What I learned was not poses or breathing or the 8 branches of yoga or the power of positive thinking. Those are all good things. Great things, in fact, but the greatest of the lessons I learned this time was that life is about living. It’s about sharing. It doesn’t matter if or when we run across someone who treats us well, or badly. We will have joyful and painful experiences, ups and downs. We will make friends and lose friends, for every person is in our lives for a time and a season.

I had a moment at the beginning of the Level 2 class, where we were asked what we disliked most about ourselves. Honestly, I hate being vulnerable, yet what I learned is that vulnerability is vital to living well. For when we are vulnerable, we are receptive. We are more willing to listen, to understand another’s point of view even if we don’t agree with them, to value that person despite their differing arguments and opinions and beliefs and hopes, etc.

There are a set of right and wrong things to do in this life, I believe, and I think that one of the wrong things for us to do with withhold ourselves from contributing to this wonderful, frightening, terrible, rewarding thing called life. There is only one you. No one can ever replace the lessons you bring to life.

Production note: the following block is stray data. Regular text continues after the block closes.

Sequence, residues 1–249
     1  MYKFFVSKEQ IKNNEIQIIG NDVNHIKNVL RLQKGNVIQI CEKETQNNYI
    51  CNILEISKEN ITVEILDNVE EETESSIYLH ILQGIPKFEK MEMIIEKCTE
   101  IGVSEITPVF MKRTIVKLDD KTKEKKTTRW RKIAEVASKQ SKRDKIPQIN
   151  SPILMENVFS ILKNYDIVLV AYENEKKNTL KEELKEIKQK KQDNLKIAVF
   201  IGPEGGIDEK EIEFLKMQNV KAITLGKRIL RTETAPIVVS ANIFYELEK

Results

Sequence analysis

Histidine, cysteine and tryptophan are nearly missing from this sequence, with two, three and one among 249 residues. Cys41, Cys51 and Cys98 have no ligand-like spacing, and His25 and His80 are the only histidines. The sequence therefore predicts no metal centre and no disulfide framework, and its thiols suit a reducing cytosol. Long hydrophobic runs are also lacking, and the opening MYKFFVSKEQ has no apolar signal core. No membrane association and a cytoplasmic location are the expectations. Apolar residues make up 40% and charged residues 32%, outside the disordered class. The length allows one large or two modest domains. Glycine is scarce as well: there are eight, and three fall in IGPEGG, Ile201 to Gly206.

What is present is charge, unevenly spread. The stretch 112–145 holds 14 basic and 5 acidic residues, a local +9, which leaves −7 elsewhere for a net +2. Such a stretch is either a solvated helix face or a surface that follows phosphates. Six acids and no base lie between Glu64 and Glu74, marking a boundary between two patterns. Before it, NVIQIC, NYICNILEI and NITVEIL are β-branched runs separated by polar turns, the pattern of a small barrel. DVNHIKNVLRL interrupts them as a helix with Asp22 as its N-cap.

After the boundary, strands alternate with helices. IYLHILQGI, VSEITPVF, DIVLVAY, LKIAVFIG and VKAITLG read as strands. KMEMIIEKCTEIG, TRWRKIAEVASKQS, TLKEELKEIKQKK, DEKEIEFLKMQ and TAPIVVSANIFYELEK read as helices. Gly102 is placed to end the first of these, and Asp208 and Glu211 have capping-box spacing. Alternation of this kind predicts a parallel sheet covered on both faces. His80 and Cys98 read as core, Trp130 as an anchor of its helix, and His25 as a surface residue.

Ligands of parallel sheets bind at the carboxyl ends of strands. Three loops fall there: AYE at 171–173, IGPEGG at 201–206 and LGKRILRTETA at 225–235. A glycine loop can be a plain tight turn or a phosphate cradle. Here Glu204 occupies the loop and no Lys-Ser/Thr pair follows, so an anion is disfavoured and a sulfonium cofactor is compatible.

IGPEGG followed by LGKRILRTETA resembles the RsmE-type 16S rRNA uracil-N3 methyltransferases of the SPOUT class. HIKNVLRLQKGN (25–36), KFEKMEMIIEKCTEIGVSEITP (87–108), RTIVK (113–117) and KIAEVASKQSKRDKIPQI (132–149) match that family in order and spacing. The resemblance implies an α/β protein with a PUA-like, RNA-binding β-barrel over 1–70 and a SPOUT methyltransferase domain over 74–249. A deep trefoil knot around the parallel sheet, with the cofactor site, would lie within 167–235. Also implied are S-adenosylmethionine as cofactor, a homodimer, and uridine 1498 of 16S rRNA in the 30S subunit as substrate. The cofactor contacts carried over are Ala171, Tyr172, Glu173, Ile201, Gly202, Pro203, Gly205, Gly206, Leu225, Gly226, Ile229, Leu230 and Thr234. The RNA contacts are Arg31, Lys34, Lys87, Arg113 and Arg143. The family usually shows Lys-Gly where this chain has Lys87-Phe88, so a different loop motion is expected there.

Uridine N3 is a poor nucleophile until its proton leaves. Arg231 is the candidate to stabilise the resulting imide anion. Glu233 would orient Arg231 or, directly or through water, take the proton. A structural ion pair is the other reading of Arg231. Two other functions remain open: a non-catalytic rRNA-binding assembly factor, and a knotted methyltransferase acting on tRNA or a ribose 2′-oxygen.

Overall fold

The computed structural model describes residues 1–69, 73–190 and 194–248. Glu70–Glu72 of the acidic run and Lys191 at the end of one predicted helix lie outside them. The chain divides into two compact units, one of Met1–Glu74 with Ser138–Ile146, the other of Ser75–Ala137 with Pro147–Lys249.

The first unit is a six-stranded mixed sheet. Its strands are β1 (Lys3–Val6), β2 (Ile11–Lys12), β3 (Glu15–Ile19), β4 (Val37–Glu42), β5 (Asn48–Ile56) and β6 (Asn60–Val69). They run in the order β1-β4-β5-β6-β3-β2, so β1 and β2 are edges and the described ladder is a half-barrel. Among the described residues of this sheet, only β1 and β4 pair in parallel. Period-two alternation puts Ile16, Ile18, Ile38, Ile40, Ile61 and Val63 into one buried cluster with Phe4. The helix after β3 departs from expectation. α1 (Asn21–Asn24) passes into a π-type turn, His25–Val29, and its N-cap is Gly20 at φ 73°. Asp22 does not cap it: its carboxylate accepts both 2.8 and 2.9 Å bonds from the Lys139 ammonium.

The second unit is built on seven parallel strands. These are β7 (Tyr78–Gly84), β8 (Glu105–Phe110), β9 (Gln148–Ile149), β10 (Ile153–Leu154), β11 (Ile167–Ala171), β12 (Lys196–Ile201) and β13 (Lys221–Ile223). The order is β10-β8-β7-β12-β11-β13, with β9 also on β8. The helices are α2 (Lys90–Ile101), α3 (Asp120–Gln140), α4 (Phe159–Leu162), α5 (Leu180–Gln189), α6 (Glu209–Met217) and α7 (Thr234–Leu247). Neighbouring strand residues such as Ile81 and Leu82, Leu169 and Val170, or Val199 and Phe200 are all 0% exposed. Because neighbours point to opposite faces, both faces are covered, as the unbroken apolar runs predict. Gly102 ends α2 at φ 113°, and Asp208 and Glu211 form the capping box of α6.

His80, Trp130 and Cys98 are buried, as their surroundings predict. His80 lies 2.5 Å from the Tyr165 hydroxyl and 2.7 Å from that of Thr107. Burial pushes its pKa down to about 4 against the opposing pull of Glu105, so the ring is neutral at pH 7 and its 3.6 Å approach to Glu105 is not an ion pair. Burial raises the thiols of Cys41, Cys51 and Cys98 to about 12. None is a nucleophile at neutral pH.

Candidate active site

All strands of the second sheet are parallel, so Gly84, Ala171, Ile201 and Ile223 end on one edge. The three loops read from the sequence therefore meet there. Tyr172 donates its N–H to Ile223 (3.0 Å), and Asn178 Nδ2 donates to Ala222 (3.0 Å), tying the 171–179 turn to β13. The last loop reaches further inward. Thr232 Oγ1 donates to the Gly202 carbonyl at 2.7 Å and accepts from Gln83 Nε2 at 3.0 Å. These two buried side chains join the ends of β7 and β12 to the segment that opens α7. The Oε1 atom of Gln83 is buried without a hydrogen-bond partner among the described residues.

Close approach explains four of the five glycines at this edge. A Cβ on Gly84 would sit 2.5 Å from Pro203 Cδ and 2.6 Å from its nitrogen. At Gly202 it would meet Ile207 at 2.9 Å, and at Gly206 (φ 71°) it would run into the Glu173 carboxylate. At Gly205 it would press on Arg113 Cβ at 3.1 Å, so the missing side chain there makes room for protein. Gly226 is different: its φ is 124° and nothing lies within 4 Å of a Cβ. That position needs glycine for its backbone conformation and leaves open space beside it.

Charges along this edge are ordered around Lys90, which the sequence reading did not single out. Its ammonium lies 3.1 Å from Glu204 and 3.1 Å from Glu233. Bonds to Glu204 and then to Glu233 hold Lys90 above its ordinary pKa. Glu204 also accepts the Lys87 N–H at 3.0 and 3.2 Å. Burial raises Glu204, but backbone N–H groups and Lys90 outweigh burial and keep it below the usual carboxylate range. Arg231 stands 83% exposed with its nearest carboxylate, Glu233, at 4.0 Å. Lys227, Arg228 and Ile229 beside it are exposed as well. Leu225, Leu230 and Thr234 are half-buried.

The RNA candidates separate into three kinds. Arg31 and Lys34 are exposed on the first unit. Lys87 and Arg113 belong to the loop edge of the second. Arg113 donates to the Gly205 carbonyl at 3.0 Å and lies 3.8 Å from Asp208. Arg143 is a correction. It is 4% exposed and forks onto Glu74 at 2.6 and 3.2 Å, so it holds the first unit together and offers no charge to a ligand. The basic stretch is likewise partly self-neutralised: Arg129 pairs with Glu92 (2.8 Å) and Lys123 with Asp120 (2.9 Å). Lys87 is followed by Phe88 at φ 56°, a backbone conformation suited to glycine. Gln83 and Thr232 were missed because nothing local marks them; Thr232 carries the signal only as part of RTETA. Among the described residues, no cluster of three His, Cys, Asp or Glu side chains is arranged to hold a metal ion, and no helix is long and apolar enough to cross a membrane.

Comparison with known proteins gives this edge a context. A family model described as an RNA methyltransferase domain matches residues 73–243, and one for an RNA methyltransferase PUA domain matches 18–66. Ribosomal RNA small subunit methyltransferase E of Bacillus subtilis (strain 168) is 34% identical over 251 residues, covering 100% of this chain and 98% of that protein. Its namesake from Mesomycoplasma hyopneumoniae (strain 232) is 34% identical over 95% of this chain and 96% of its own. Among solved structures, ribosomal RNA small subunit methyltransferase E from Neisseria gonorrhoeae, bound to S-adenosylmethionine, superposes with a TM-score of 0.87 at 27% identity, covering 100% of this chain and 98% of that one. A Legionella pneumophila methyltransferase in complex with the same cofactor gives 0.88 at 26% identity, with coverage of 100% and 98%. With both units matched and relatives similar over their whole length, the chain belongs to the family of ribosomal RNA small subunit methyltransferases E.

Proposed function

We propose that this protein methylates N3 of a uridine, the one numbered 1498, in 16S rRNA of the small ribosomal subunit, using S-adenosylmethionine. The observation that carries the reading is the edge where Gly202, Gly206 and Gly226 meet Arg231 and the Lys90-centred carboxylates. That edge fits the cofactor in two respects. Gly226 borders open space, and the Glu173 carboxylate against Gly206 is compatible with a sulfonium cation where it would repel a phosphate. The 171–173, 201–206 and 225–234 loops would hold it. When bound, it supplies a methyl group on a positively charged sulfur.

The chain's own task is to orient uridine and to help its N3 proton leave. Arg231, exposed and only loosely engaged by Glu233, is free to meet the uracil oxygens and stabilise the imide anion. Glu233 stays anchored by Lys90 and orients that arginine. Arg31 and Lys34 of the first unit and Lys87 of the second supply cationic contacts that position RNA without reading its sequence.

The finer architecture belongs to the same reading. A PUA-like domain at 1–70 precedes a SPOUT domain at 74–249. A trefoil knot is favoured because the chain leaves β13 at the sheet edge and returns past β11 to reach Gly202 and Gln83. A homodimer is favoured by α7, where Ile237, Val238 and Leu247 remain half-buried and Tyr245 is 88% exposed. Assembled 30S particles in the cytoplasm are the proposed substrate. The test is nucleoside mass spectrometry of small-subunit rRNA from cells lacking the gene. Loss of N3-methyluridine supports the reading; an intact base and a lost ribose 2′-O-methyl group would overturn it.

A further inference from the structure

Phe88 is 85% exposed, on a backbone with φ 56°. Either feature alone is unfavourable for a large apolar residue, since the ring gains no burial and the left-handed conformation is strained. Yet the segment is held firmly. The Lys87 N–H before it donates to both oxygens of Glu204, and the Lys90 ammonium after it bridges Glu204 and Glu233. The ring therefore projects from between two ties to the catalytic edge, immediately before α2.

At the very end, after all the training was done, I had a bit of a meltdown. I was talking to my Level 2/Seniors trainer when suddenly it just exploded. I felt incredibly stupid crying and not knowing why, but I had this powerful need to have someone available if I ever needed to talk or bounce ideas off of, etc. A mentor, so to speak. It took me hours to figure out what had sparked the explosion: The story of the patchwork heart.

There are times when I find myself very alone in the place where I am living. I feel like I’m speaking a different language. People smile and nod, but the cynicism never recedes from the light in their eyes. They’d like to believe you but they don’t. They’re too engrained in focusing on the negatives in their lives–what they are doing without or how they don’t match up to an image or expectation of perfection–to see what good things they already have.

The power of positive thinking doesn’t seek to erase negative thinking; rather, it seeks to transform our thoughts into the positive, beneficial, healthy means by which we accomplish tasks and, more importantly, find gratitude, happiness, peace, and love. Just as there is no perfect posture in yoga, there is no perfect human being. I think that when we acknowledge our imperfections, we find the freedom to grow into better people.

I encourage you to read Growing the Positive Mind. I encourage you to embrace the unexpected explosions that rock your life. They are our lessons. They guide us on this journey called life. They make up our patchwork hearts, and who knows whom we have touched by sharing a piece of ourselves? Usually, only the person whom we have touched by sharing.